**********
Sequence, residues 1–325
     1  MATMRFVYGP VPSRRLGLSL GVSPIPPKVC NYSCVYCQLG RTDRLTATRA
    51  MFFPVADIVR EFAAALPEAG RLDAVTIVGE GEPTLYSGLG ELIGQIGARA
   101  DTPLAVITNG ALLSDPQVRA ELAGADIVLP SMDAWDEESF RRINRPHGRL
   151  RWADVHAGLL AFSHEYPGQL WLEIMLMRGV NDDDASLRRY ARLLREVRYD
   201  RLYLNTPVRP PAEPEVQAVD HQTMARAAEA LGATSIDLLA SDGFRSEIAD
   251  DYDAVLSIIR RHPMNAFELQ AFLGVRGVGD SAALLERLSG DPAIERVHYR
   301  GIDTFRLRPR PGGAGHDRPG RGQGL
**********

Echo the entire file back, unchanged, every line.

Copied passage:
Sequence, residues 1–325
     1  MATMRFVYGP VPSRRLGLSL GVSPIPPKVC NYSCVYCQLG RTDRLTATRA
    51  MFFPVADIVR EFAAALPEAG RLDAVTIVGE GEPTLYSGLG ELIGQIGARA
   101  DTPLAVITNG ALLSDPQVRA ELAGADIVLP SMDAWDEESF RRINRPHGRL
   151  RWADVHAGLL AFSHEYPGQL WLEIMLMRGV NDDDASLRRY ARLLREVRYD
   201  RLYLNTPVRP PAEPEVQAVD HQTMARAAEA LGATSIDLLA SDGFRSEIAD
   251  DYDAVLSIIR RHPMNAFELQ AFLGVRGVGD SAALLERLSG DPAIERVHYR
   301  GIDTFRLRPR PGGAGHDRPG RGQGL